that mysterious lights and noises liaYe bern seen and heard there of late. !''armer Jones had quite an experience on the road in front of it three nights ago. He says his horse was frightened anJ he himself nearly scared to death by a big white ghost that came out of the building and waved its bony arms at him. That's all bosh, yon know; but you want to get up a sensational story aLout the place and ring i.n all the imaginative freaks you can think of, mak ing the Jones incitlent very promin e nt. 'f'hrow in sundry mysterious hints, and say you think the case worthy of in vestigation Ly the Green River Psychological Society. I'll go down there to-night and see if I can pick up a few points for you." "It isn't a bad idea," laughed Frank. "It'll start people to talking, and it may sell a few extra copies of the Argus." "We want the people of this burg to understand that this paper is ali,e and kicking, in spite of I \[r. Jebb and his friend Robim;on, who certain'ly tried their best to put it asleep." "I see that those two gentlemen are still hanging around the Neptune Ilouse--in expectation, I suppose, that we will soon go out of bltsiness. Mr. Jebb h a d the nerre to te ll me that, in his opinion, I wouldn t last long." "What else could you expect from him? If they're look in g to see the red flag hung out our window, they'll have a l ong wait on their hanc1a. "You wouldn't think a man of Squire Roach's standing i n the community would be guilty of such a conspiracy as he tried to work on the Argus." "He's what you call a good hater. He couldn't forgive your father for giYing his support to Farmer Gray last fall He wants to be the whole thing in this town, but there happen to be others who stand on their own rights. "If it was possible to bring the plot home to him, and s how him up before the people as he deserves, the exposure w o u ld be a salutary le.son for him." "If you could do that he'd find it benefic-ial to move to fresh pastures, I guess. The town would be too hot for h im even if he is a rich man and the president of the First National Bank." "It woul d take Duncan down a peg or two, also. He p u ts on more airs than an:r boy in town." I was surprised to see him give you that order for visiting cards last Saturday," remarked Dan, who, of course, did not dream of Duncan's motive. "He did it in a patronizing kind of way, to let me see how important he considered himself and how m u ch su perior socially he is to me "Oh, that was it, eh? Well, I must get a move on, or my joints will get rusty. Jinks is pann:ng out a ll right i n the composing-room, and expresses himself as being gratefu l to you for even three days' work a week. He's j ust the man to help me handle that catalogue when we get started with it. He's had considerable experience in th a t line in the best offices in Chicago. I consider him a valuabl'e man." 15 ian who could nurse a job better than he. I've no use for a printer of that stamp Gibson told me that he had a lot of trouble with his forms. Type was conti n ually pulling out and the leads showing up." "You don't find anything l ike that after me," said Dan, earnestly "Nor after Jinks, either. It's j ust as easy to do things right, if you underdand your business, as to do them wrong. Nobody but a blacksmith slights his wor k." "1Iy sentiments exactly, Dan," said Frank. "Now I wish you'd go up to l<'oxglove & Towe l erash and see if they will gi \ e you the copy for that half-column advertise ment they promised me for Saturday's paper "All right," said Fj:arwood, with alacrity, and he left the inner roo1tJ. as though he had springs attached to his feet, whi l e Frank drew a pad of manila paper toward h im and started to turn out a batch of copy fo r the gi rls. CHAPTER IX. lN WHICH FRANK RECEIVES A NOTE BEARING THE SIGNA 'rURE OF A YOUNG LADY IN WHOM HE I S GREATLY INTERESTED. "The Mystery of the Benso n Ho u se" was the heading of Frank Morris' story of_ the sfrange developments in the history of the reputed haunted mansion, which stood clos e to a bend in the Green Rive r three miles above the out skirts of the town The article attracted a grea.t cleal of n otice, a n d as a c onsequence there was an unu sual deman d for Saturday's Dlmcan Roach read the story through with a snee r "I'll bet Dan Harwood wrote that, or put Frank Mor ris up to it," he muttered. "I wonder if he has any sus picions about Benson's? I think it about time the ghos t s gave one or both of those fellows a roasting. It might take some of the freshness out of them," and D unca n grinned in a peculi:r r way, as if he knew more abou t the inside workings of t he haunted h ouse than appear e d i n the Arg us. Duncan met several of bis chums later on, and the b u nc h went into convulsions of mirth over ."The Myste r y of the Ben s on House." "The fellow who wrote that ought to be initiated into the society of the ghosts, clon t you think?" suggested Dun urn, mea.ning l y "Without actua ll y becoming one, you mea n don't yo u ? ;;aid the nephew of the cashier of the First Nati o nal B ank, an under sizell, d uc1ish boy named Peter Winch "Of course. The membeiship l ist of the Anc ient Orde r of Associated Ghosts is full, but the first degree m ight occasionally be worked to advantage on inquisitive ou t si ders "It would make t bem smart, at any r ate,'' spoke u p Luke Edwards, 1Yith a sneer Which sally ca11sed a roar of mirth. "I move that Franli: :Morris, the boy editor of the A r g u s, be invited to attend our next roas ting bee," said Du n c an "I'm glad we got him, then. I'd give something to know \Yith a grin. how Billings getting on at the Times. I never saw a 'econd the motion," chuckled \Yinch.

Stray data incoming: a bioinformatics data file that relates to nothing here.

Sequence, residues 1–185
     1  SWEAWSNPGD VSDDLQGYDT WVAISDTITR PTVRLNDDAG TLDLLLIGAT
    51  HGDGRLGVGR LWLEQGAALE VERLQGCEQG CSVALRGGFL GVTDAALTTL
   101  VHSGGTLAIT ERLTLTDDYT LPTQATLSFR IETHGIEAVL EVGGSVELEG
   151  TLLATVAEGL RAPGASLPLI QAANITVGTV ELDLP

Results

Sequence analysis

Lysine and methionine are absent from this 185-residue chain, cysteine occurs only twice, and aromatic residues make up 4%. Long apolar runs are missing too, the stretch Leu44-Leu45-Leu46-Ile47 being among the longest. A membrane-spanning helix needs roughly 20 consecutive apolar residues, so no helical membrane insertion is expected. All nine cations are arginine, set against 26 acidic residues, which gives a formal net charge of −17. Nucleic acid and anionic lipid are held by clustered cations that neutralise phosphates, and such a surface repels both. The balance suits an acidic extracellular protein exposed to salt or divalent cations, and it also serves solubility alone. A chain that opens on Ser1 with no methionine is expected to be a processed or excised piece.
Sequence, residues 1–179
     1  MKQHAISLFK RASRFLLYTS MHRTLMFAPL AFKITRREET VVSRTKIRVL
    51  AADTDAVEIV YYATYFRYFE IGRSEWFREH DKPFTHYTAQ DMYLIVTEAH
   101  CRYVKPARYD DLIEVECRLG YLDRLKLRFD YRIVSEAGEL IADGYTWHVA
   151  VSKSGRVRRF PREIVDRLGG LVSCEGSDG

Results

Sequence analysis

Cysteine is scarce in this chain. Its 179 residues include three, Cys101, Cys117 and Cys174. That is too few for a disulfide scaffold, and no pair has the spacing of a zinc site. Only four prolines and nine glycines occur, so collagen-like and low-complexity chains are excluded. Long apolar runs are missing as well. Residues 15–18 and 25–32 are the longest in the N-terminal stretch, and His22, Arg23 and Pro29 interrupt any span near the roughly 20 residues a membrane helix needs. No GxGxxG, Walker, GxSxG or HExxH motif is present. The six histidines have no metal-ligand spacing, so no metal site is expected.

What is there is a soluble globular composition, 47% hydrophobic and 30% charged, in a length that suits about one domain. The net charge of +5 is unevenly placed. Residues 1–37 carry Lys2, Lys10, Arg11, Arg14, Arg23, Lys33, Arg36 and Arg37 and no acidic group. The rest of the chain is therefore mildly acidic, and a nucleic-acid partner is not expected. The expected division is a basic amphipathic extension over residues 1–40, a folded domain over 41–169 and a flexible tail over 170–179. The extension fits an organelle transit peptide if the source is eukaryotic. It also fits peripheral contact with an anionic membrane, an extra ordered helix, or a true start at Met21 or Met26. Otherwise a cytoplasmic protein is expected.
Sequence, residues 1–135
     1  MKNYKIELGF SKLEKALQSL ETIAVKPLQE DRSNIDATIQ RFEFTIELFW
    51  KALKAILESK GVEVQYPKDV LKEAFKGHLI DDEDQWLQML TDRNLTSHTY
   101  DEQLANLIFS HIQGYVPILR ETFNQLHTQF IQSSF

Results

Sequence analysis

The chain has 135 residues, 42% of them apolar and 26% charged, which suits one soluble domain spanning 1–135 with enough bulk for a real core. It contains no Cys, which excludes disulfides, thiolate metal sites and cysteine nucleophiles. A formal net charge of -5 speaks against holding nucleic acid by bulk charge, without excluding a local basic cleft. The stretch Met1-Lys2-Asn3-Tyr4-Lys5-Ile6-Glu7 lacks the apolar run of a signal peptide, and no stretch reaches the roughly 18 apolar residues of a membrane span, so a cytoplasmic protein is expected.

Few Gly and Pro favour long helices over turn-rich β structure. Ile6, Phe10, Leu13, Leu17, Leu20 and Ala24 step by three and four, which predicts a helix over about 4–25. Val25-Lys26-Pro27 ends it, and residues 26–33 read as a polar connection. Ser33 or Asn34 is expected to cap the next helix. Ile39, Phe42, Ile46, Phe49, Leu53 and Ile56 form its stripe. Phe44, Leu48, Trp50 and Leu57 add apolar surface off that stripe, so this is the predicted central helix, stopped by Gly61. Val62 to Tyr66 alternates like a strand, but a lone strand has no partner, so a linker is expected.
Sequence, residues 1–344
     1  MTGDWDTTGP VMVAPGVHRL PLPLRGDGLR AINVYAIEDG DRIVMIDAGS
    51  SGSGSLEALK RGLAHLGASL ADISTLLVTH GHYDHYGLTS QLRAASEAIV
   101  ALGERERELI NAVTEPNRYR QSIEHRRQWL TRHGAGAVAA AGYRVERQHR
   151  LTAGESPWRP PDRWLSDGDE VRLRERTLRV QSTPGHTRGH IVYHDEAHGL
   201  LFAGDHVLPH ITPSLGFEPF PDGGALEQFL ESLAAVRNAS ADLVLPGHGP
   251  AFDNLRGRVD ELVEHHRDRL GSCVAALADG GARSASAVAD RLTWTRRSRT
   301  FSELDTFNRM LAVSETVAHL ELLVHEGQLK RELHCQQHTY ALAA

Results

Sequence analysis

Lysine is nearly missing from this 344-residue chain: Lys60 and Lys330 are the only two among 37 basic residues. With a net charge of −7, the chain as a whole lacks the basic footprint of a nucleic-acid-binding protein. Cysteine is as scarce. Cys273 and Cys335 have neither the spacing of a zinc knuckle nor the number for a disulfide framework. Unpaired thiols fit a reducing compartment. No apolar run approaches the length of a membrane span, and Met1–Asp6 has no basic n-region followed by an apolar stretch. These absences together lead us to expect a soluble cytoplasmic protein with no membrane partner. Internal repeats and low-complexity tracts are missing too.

16 WINNING HIS WAY "Those in .favor o.f inviting the learned editor to our coming soiree will please signify it by saying aye," said Edwards, the self-constituted chairman of the crowd. "The motion is unanimous. The chief exeC'lltioner is instru c ted to see a real hot fire is provided for the occasion, in order that our distinguished visitor may have no cause to complain of a lack of warmth in his reception." This provoked another outburst of laughter. "As our expected guest is a member of the unbridled press, it will be the duty of the custodian of records to prepare a true and unvarnished account of the proceedings of the evening, and furnish same to the editor of the Green Hiver Times for publication, in order that the public may be further enlightened into the mysteries of the Benson house, which the Argus has seen fit to introduce to their attention this morning," said Walter Edwards, gran di"loquently. "Somebody will wish the re was snow on the ground before the initiation is concluded," said Duncan, s ignifi cantly. "Or that he could si t on a cake of ice for the sake of vari e ty," chimed in Ec1di Hicks. "Or take a swim in the rirnr,'' suggclcd another youth of high 8ocial standing "But I say," asked Pete r Winch, "s'pose he won't come?" "Els ie Gray li\(es a mile further a;ut that road/' sai d Duncan. "A note of in vitation from her 'rill fetch him every time." "How are you going to work that dodge? Elsie and you are on the outs." "Pete's sister could write it .. She isn"t too sweet on Elsie, and would ju st as soon s i gn her name to a note as not. Morris won't know the difference, I'll bet. We'll watch for him down the road and run him into Benson's in double-quick time. When we get thr0l1gh with him he won't be in the humor Jo write any mor e ghost stories_;, Peter Winch thought the idea a good one, and agreed to persuade his sister to help the good work along. On Monday afternoon of the ne},_'i week several letters were deliver ed by the postman at the Argus office. Most of them contained local subscriptions to the paper, and some of them requests for further information con cerning the new sto ry without a title, which had been an nounced in the Saturday issue as a forthcoming novelty. Judging from the first day's results, Frank Morris was encouraged to believe the new idea would prove a success The last letter he opened, addressed in a neat, girlish hand, read as follows : "Green Riv e r Farm, July 1, 190-. "Dear Mr. Morris: :M:y father having been called to Mar s hland, to be gone over night, mother and I would be happy to have you spend the evening at the Farm. I have special reasons for hoping you will not disappoint us Please do come. Yours sincerely, "ELSIE GRAY." 'Frank was not famiLar with Elsie's handwriting, never having received a note from her before, and therefore he had no suspicions of the gen uineness of that which he now held in his hand. "I was going to commence my serial to -night," he said to himself, "but I guess it will have to wait I couldn't think of disappointing Elsie for a great deal." Indeed, he was highly delighted with the invitation, the more so as it was so unexpected. was, to tell the hone s t truth, very much in Farmer Gray's only daughter, who by many people was called the belle of Green River She was an uncommonly winsome little creature, and her relations with Frank were of the most cordial nature He had been much flattered by her call at the office a week before, and this fresh evidence of her friendship quite tickled him. "Yes, I'll go, 'you bet your suspenders,' as Dan would say I wouldn't miss it .for a good deal." Frank was in high spirits tliat afternoon, anyway, for he had succeeded in talking a couple of good adver t isers into r et urning to the fold. Besides that, Dan Harwood had corraled three good ven due notices on the way to the Times and piloted them to the Argus. Added to which the job depal1tment was looking up in a way that put Dan and Jinks on their mettle to turn the stuff out on time. Altogether, this week's editions and the other work prom ised a profit, instead of the usual loss of many weeks back; so it was natural tha t the youngest editor in Green River s hould feel particularly jubilant over the outlook. "I shall not be back after supper to-night as I intended," sa id Frank to Dan, at closing-up time. "l'ID! going out to Farmer Gray's." "I knew there, must be some attraction to keep you away, bet your suspenders," grinned Dan, eyeing his friend quizzically Frank blushed in spite 0 him se lf. "If I had as pretty a girl as Elsie Gray on the string I'd feel like shirking work myself for an hour or two," con tinued Harwood. / "It happens to be a special invitation, which I can't very well turn down," explained Frank. "Sure!" chuckled Dan. "Don't you believe me? Read that,'' and Frank hande d him the note. "You're a solid man in that quarter, bet your sus penders," said Dan, returning the note "What nonsense!" "No nonsense at all. Her father owes his distinguishe d position as member from this county to the State Legis lature to your father's backing. She appreciates the factsee? You've got the inside track there. Hold on to it. Iler father is rich Green River Farm is the finest i n the county. Some day, perhaps-" "Dan,'' said Frank, with pretended severity, "it's time you went home. I'm going to supper." of pu '1 stm fill in of he u 0 en .E1 h g 1 f t i 1J t